WHEN Lenny Henry called for greater representation of ethnic minorities on TV did the BBC have to respond by simply giving us more Lenny Henry?

I’m all for seeing a greater mix of races on TV (and a greater range of ages and classes) but must the loud, unbearable Henry be involved? Not only does he star in this drama, but it’s based on his life. This, surely, is too much?

Despite my irritation, this fictionalised re-telling of Lenny Henry’s childhood in grim 1970s Birmingham, is actually quite good, as long as you can prise it away, in your mind, from the politically correct box-ticking enterprise which probably led to its commissioning.

Henry has described it as “my life in a parallel universe”.

The teenage “Lenny Henry” is transformed into Danny Fearon, played by Kascion Franklin, who’s an aspiring comedian. A win in a local talent show sets him on the road to success, but he faces racism along the way – it was the 1970s, after all – and he has to struggle against this and assert his real character.

Lenny Henry stars as Samson, Danny’s father.


WHY can’t the BBC do good comedy anymore? Recently we’ve had truly awful things such as Citizen Khan, Mrs Brown’s Boys and, currently showing, the embarrassing Mountain Goats. The last time the BBC managed to provoke a laugh from me was with Murder In Successville on BBC3, a channel soon to be shoved online only.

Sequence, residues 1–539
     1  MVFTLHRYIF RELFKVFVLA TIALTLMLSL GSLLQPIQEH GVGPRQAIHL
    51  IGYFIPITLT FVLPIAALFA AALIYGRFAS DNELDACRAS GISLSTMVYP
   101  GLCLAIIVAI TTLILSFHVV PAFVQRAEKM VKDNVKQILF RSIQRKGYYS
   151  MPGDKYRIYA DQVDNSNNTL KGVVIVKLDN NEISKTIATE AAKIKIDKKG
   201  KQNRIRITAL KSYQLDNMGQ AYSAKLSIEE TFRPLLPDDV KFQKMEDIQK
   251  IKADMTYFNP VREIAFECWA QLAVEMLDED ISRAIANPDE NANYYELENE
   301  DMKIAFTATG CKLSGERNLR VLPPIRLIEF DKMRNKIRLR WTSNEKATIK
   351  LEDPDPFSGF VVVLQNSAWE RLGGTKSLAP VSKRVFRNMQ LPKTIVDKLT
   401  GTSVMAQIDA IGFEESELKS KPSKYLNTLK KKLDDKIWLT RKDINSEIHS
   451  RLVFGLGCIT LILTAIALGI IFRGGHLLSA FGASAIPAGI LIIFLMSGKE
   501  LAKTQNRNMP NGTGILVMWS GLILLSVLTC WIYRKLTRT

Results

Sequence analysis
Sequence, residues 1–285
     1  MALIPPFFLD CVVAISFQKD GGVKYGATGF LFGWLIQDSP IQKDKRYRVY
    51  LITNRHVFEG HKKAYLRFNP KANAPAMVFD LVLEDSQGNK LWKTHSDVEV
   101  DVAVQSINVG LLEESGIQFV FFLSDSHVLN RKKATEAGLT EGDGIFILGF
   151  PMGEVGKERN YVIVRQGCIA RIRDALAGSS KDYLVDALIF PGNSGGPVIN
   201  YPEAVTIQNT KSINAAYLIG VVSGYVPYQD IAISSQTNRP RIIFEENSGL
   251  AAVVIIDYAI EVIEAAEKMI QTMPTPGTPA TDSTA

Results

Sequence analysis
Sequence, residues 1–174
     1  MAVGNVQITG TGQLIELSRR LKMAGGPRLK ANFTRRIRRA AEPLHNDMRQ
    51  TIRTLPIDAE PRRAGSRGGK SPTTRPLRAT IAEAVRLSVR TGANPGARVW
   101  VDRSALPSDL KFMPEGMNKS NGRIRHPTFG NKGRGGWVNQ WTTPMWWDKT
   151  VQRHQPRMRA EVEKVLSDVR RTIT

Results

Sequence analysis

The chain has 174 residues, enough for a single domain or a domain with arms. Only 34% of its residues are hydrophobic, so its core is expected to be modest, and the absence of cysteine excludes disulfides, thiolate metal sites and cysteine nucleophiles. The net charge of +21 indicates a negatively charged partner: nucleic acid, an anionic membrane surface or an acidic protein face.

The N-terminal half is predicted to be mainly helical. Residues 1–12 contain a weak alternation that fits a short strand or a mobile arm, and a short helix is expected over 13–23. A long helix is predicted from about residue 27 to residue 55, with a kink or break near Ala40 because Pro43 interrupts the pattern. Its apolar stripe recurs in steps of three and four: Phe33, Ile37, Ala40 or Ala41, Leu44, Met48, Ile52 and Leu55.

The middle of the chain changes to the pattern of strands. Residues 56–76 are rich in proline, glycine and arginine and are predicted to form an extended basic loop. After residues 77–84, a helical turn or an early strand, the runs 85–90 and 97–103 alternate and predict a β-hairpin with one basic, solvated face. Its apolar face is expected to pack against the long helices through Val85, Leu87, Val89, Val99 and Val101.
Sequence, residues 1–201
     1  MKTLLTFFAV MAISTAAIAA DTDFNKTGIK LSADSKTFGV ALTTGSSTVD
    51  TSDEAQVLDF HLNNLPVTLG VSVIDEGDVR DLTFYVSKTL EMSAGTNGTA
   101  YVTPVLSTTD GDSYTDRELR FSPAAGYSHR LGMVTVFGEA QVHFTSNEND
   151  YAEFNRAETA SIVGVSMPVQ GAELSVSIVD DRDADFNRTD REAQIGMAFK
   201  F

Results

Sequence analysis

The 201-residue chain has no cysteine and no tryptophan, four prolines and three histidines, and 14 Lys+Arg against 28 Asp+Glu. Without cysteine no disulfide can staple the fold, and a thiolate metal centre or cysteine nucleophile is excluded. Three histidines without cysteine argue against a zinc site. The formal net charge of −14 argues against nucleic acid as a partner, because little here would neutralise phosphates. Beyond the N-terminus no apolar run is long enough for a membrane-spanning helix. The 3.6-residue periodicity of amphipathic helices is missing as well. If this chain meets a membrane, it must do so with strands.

And there were laughs in the one-off special of Burnistoun, but this was shown in Scotland only. When it comes to the BBC’s mainstream, UK-wide comedy, where oh where is the good stuff?

Maybe they feel this terrible dearth of excellent comedy, as they’re giving us a reunion show with Harry Enfield and Paul Whitehouse looking back – yes, looking back – to the good old days.

The programme puts Enfield and Whitehouse on stage together in front of an admiring crowd and parodies the “An Audience With…” shows, but the nice twist is that when we flash to shots of the audience we see Enfield and Whitehouse in the crowd, dressed up as various famous people, and asking cheeky questions. Jimmy Carr, Harry Hill, Ricky Gervais and Prince Charles are all gloriously ridiculed and in between we have great clips of the comedy pair’s old shows.